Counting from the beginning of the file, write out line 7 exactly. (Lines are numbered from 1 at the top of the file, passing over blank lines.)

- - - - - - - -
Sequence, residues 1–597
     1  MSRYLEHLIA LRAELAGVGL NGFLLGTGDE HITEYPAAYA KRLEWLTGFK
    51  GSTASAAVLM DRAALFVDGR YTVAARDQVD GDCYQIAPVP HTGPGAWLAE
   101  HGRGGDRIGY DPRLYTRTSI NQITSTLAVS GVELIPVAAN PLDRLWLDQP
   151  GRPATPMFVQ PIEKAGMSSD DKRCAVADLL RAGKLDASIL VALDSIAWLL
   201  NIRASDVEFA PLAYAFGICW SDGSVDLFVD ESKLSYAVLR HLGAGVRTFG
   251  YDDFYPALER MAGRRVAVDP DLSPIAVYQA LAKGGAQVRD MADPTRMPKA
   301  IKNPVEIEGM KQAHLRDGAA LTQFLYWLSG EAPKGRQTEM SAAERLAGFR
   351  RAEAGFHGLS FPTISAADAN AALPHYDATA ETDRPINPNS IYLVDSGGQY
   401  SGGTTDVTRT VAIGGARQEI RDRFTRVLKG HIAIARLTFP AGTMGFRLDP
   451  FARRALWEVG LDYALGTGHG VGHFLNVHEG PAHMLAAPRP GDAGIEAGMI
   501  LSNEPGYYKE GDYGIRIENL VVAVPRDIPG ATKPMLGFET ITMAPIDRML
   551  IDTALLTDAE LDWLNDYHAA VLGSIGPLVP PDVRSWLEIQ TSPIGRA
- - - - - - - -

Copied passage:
   251  YDDFYPALER MAGRRVAVDP DLSPIAVYQA LAKGGAQVRD MADPTRMPKA